It was precisely the understated, throwback quality of the story that appealed to Disney, which produced “The Finest Hours,’’ and the movie (which takes its name from a history of the rescue by Casey Sherman and Michael J. Tougias) is in almost every respect an earnest, old-fashioned one. These days, however, to make a convincing movie about a storm at sea, even one that took place 60 years ago, you need technology that’s far from antique. The director, Craig Gillespie, pointed out recently that he was in postproduction for a year, far longer than he expected, and that just to get the waves right required almost 1,000 special effects shots. The film’s overall budget was about $80 million.
The movie, which stars Chris Pine as Webber and Casey Affleck as Ray Sybert, an engineer on the Pendleton who reluctantly takes command of the aft section, was mostly filmed in the fall of 2014 on a soundstage at the former Fore River Shipyard here. The place was so vast that production assistants scuttled back and forth on scooters and bicycles, and included an 800,000-gallon tank with wave and wind machines and what amounted to a giant, ceiling-mounted shower head. There was a dry-land replica of the CG36 mounted on gimbals that could make it roll and plunge, and another replica floating in the tank itself, where there was also a full-size, tiltable mock-up of the Pendleton hull. A replica of the Pendleton engine room, floodable and hydraulically shake-able, exact down to the grime on the gauges and rust on the pipes, was just a short hike away, as was a mock-up of the Chatham Coast Guard Station, dusted with unmelting artificial snow.
Much of the shoot required the actors to appear cold and wet, something that wasn’t hard to achieve. For some scenes, they were soaked with a hose even before the overhead shower was turned on. Most wore wet suits under their costumes and between takes wrapped themselves in sweatsuits and stuck their feet in Ugg boots. No one complained, and, Gillespie said, there was even a rivalry between the actors playing Coast Guardsmen and those on the Pendleton about who was suffering more. A couple of days when they actually shot outside were even worse, he added, when a real nor’easter blew in.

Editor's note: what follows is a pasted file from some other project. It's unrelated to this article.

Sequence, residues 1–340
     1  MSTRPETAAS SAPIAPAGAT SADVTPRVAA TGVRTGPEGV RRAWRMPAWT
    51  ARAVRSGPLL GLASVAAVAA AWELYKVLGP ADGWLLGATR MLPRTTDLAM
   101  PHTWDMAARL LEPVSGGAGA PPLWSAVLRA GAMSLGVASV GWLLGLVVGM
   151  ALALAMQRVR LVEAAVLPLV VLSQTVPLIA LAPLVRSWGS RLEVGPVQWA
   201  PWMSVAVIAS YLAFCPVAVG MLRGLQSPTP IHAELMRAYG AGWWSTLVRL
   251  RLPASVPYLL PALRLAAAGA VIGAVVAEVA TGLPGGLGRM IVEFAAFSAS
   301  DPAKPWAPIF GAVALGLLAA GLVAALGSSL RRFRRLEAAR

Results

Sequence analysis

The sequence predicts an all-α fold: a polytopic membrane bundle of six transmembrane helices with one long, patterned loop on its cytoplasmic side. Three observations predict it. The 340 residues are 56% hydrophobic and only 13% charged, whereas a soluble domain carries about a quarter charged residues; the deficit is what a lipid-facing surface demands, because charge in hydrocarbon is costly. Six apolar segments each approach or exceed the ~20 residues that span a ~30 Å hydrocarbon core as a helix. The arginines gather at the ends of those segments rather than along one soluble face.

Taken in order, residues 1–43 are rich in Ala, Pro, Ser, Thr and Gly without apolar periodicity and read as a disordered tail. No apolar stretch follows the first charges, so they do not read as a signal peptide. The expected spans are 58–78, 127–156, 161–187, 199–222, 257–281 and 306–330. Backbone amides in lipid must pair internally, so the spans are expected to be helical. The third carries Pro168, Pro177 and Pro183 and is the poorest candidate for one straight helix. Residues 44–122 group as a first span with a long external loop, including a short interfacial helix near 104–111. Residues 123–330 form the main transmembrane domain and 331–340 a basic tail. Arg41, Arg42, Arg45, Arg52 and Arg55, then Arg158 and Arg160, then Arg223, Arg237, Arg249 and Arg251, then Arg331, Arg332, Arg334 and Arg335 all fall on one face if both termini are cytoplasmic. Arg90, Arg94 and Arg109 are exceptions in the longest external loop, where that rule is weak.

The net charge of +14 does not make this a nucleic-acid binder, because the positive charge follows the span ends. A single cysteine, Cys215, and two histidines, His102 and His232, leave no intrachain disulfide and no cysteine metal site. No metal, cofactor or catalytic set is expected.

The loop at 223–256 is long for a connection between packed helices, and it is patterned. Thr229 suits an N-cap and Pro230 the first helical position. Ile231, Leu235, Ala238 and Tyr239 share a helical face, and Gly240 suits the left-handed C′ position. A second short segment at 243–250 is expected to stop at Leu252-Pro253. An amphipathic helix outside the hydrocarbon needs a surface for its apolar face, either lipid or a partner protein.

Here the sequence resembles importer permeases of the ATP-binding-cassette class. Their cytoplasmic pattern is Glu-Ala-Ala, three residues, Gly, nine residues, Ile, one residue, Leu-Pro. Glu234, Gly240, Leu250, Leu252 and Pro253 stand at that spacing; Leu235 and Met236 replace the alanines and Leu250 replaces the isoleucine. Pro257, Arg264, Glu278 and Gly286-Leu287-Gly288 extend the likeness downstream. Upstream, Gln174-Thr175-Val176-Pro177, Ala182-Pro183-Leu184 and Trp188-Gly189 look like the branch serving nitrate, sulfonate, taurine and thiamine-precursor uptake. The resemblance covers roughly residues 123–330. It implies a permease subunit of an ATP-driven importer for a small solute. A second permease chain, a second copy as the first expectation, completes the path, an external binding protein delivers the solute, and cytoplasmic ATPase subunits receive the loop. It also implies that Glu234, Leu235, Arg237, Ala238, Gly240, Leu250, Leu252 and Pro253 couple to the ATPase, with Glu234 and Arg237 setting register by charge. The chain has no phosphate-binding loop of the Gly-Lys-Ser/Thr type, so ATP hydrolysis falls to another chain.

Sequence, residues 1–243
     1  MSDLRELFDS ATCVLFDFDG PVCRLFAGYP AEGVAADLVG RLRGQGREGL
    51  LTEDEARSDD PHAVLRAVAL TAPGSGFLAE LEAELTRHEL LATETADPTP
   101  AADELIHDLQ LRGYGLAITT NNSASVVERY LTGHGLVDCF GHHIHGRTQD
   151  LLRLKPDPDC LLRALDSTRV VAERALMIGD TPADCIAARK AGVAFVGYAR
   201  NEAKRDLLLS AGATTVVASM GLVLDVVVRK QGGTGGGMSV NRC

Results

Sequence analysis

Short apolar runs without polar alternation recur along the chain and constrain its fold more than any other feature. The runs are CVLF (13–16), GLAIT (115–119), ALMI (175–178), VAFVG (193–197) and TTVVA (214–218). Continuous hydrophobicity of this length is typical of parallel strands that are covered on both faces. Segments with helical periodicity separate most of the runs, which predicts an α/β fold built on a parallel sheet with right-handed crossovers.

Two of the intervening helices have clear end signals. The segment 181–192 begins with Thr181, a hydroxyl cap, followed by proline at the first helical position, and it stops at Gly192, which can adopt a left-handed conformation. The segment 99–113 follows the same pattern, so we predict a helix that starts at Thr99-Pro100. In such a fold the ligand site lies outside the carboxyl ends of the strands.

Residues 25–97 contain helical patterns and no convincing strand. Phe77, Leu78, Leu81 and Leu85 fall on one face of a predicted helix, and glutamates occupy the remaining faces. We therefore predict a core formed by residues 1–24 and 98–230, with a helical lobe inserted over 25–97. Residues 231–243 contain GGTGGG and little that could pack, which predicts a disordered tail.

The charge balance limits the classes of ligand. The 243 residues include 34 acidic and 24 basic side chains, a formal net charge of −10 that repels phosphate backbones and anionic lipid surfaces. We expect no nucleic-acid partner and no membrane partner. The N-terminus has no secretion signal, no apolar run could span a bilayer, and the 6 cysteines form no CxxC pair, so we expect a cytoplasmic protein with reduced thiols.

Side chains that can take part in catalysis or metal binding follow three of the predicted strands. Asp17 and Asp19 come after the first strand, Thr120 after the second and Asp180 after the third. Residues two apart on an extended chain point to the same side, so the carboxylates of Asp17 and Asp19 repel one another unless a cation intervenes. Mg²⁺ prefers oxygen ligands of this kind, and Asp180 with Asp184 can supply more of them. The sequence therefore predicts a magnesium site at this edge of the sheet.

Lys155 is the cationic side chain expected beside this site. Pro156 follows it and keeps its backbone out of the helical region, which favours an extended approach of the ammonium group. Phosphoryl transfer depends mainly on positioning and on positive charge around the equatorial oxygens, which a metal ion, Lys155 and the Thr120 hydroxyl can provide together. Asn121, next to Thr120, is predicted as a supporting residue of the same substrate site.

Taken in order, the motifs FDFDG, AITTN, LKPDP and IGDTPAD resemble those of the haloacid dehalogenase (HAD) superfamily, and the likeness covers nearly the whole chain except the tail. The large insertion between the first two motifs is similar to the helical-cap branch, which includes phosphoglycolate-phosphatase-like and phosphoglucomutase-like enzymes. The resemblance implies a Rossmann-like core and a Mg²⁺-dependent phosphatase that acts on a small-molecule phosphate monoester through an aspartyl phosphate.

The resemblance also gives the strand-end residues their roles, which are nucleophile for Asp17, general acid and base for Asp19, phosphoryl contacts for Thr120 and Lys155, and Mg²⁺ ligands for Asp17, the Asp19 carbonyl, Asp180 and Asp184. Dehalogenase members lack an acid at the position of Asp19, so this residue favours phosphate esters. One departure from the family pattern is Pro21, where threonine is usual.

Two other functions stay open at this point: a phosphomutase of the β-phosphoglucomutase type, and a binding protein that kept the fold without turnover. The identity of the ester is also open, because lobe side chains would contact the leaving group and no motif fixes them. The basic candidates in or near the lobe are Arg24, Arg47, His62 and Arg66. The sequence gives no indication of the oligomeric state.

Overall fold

“This is nothing compared to what those guys really went through,’’ Pine said between takes one afternoon as an assistant mopped his hair with a dry towel. “They were brave in ways we can’t even begin to imagine.’’
Affleck said of the hardship: “It gets sort of addictive after a while. There are fewer things you have to pretend.’’
Three of the four Coast Guard crewmen are now dead: Webber, Ervin Maske and Richard Livesey. But Fitzgerald is still alive, and he visited the set one day that September, as did Mel Gouthro, who was too sick to go on the rescue and whose place Fitzgerald took. “I was glad for the chance,’’ said Fitzgerald, now white-haired and in his mid-80s. “I was third-class, and most of the time all I got to do was paint the bottom.’’
Together with their wives, the men watched the filming on a video screen while sitting on director’s chairs in a small tented area with a heater. As imperturbable as they were in 1952, they seemed interested but not overwhelmed as their former lives were re-enacted. “It was also snowing then,’’ Fitzgerald said, pointing out one way in which the storm in the tank failed to live up to the original.
“We were cold and miserable, but we weren’t afraid; we couldn’t really see the waves,’’ he recalled. “We had complete confidence in that boat and in Bernie. We didn’t think of it as a suicide mission — it was just a job we had to do. I never thought of it as a big deal.’’ He paused and added: “My wife didn’t even know about it. I didn’t tell her until we had been married for about three years. I don’t know why. I guess because she never asked.’’